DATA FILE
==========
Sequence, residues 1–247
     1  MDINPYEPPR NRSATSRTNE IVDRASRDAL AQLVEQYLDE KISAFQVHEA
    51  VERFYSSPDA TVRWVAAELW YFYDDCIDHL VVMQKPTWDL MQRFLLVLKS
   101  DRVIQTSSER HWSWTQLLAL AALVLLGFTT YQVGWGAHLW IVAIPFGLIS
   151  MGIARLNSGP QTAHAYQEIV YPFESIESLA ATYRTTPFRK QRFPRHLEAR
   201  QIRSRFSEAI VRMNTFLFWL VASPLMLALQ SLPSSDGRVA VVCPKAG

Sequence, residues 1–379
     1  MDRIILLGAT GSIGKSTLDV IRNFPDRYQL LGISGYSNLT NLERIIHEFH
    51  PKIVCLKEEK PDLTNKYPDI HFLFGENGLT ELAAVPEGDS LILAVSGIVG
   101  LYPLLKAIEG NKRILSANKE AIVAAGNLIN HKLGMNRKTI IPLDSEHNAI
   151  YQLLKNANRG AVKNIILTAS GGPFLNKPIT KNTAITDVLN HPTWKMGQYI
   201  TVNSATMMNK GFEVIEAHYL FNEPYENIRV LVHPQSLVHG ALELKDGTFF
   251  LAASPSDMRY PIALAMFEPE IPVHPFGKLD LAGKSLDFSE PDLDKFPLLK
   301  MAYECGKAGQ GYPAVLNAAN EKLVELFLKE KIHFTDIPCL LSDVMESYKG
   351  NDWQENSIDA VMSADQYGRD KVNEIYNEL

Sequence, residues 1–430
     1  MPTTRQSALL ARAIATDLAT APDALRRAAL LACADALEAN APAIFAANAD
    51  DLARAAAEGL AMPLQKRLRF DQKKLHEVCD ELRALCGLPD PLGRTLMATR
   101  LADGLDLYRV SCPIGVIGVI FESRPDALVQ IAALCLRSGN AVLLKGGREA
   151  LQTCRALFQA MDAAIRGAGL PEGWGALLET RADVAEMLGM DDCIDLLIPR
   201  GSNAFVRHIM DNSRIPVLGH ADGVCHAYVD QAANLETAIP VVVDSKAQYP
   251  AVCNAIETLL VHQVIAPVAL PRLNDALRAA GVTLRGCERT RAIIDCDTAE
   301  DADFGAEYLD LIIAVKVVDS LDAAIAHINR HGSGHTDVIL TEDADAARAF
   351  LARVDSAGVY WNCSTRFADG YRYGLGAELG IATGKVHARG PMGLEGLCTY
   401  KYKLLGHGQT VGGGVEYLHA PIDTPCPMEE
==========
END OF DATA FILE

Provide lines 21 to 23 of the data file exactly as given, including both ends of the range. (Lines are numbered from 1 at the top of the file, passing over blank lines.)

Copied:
   201  GSNAFVRHIM DNSRIPVLGH ADGVCHAYVD QAANLETAIP VVVDSKAQYP
   251  AVCNAIETLL VHQVIAPVAL PRLNDALRAA GVTLRGCERT RAIIDCDTAE
   301  DADFGAEYLD LIIAVKVVDS LDAAIAHINR HGSGHTDVIL TEDADAARAF